Adapted from a paper originally presented to an International Project/Program Management Workshop ESC Lille - Lille Graduate School of Management, Lille, France, © 2005.

PART 1 | Project Categorization Methods | Multi-dimensional Classification of Projects 
Classifying Projects within Categories and Sub-Categories | Conclusions

Classifying Projects within Categories and Sub-Categories

There is usually a wide range of projects within each project category or sub-category in large organizations. The project management process for each project category must provide the flexibility to choose the proper level of planning and control for large, complex, high-risk, 'new territory' projects compared to smaller or 'old hat' projects. It is probably desirable for purposes of the proposed system to further classify projects within categories or sub-categories using some of the attributes identified by Crawford et al (2004) cited earlier, or using some of the following classifying characteristics:

Project Size: Major and Minor Projects Within a Category

It is useful to identify at least two classes of projects within each category. For purposes of discussion here we will call these major and minor projects, although each organization can probably define more descriptive names. The distinction between these major and minor classes will be noted in the following definitions:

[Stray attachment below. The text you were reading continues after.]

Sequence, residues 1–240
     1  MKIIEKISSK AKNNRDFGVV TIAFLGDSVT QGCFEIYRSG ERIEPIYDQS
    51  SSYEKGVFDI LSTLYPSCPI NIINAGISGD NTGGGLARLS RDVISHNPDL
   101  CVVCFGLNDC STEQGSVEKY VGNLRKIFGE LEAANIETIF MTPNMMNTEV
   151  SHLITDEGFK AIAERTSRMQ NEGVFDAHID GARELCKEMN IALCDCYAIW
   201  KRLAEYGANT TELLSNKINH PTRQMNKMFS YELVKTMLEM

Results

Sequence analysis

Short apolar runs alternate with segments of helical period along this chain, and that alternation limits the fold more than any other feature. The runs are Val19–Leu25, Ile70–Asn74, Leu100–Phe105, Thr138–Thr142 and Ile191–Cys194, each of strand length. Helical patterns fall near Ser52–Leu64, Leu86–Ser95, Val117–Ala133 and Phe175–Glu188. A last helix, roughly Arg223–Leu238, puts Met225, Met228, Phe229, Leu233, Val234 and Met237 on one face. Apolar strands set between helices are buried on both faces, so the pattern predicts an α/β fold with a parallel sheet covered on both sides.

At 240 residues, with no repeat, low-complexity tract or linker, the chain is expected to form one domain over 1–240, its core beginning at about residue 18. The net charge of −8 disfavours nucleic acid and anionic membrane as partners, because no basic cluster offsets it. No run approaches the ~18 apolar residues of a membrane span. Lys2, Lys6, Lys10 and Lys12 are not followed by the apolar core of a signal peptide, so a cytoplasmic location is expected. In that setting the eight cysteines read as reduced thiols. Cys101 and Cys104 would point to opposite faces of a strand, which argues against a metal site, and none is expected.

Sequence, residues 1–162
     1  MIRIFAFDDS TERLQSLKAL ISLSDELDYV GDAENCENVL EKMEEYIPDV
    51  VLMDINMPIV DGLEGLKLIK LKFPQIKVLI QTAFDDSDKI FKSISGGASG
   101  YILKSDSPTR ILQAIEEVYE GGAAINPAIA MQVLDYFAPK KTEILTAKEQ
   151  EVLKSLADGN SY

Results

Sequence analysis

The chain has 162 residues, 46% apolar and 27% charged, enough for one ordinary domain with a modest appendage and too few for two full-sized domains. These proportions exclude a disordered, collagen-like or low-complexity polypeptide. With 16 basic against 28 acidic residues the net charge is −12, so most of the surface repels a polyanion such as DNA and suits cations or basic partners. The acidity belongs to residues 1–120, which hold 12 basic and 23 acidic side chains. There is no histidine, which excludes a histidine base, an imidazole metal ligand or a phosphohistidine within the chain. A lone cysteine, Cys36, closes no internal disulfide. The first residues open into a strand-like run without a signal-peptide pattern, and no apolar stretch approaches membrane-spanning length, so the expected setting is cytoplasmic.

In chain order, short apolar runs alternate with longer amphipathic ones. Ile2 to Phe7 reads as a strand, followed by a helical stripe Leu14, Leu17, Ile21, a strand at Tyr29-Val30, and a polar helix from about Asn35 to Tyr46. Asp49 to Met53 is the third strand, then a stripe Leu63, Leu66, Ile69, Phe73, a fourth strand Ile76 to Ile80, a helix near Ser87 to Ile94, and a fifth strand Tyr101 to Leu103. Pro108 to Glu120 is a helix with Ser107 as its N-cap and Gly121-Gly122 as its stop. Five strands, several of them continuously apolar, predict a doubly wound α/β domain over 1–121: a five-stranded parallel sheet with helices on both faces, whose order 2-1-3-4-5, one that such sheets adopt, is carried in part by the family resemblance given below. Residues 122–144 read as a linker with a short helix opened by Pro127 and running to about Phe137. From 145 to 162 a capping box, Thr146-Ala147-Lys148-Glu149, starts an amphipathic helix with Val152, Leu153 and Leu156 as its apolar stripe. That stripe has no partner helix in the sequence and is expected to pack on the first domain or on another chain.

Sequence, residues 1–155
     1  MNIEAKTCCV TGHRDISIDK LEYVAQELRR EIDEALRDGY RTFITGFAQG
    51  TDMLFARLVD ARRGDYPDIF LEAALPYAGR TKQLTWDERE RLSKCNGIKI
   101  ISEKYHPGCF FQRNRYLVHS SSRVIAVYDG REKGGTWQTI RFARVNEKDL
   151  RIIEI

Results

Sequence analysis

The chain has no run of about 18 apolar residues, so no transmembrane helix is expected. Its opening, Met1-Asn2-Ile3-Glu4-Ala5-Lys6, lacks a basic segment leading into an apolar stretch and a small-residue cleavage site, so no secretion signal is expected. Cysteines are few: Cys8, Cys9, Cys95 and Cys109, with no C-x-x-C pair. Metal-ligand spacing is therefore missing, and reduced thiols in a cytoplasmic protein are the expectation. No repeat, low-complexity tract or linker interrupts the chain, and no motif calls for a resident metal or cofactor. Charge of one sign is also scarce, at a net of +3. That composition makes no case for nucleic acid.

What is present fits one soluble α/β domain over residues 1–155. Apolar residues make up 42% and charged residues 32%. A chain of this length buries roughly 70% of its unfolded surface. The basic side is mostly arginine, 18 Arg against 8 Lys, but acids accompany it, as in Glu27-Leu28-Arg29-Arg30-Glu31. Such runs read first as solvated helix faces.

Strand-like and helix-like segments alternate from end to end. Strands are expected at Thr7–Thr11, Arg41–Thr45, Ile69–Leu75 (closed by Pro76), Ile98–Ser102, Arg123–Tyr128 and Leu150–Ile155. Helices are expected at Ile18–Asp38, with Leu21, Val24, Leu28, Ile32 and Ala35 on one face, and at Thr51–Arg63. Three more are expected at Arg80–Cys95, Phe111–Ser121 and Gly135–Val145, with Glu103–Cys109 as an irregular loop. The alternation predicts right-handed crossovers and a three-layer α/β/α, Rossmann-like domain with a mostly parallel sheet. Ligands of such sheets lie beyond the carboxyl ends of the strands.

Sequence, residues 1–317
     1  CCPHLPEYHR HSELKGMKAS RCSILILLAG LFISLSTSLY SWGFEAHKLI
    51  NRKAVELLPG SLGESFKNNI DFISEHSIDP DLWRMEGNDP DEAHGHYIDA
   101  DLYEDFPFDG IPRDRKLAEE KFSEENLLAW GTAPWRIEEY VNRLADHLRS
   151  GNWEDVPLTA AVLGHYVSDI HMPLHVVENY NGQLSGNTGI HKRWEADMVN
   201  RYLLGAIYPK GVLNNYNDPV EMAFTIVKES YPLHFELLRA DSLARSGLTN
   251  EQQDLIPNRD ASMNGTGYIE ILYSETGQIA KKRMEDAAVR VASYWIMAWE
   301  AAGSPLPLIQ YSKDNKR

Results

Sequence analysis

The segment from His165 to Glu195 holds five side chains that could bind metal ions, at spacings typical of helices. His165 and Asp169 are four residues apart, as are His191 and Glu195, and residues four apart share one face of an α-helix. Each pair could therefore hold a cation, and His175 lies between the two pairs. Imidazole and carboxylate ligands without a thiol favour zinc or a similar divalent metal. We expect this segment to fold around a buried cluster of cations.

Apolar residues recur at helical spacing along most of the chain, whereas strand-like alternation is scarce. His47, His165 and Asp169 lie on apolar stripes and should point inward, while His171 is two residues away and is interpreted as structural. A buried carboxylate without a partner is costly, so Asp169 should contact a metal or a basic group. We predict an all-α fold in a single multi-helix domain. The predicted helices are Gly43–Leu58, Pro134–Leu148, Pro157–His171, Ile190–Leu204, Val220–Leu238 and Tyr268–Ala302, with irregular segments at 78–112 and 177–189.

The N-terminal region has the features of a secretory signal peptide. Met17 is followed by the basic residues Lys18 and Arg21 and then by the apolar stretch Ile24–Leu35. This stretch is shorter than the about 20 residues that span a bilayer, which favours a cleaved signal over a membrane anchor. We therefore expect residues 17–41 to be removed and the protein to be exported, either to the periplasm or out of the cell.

Major Projects are those whose large size, great complexity and/or high risk require:

  • Designation of an executive Project Sponsor.
  • Assignment of a full-time Project (or Program) Manager;
  • The full application of the project management process specified for the particular project category for major projects (all specified forms, approvals, plans, schedules, budgets, controls, reports, frequent project review meetings, with substantial levels of detail in each.)

Minor Projects are those whose size, simplicity and low risk allow:

  • One project manager to manage two or more minor projects simultaneously;
  • Less than the full application of the complete project management process for the project category (selected basic forms, approvals, plans, schedules, budgets, controls, reports, less frequent project review meetings, with less detail required in each.)
  • No formal assignment of an executive Project Sponsor; sponsor role retained within the line organization.

Project Complexity

The complexity of a project is indicated by the:

  • Diversity inherent in the project objectives and scope
  • Number of different internal and external organizations involved, which is usually an indication of the number of required specialized skills
  • Sources of technology; and/or
  • Sources of funding

The customer

  • External or Internal Customer
  • Degree of Customer Involvement in the Project

Levels of risk in projects

  • "Mega" Projects or Programs
  • "Stand-Alone" Versus "Create Supporting Infrastructure" Projects
  • "Standard" Versus "Transitional" Projects
  • And so on

The result of placing projects within the appropriate category (or sub-category) and then classifying them using one or more other attributes will produce an
n-dimensional matrix. For practical purposes this will probably most often be displayed in 2 or 3 dimensions. Source: Archibald 2004, p 7-9.

Multi-dimensional Classification of Projects  Multi-dimensional Classification of Projects

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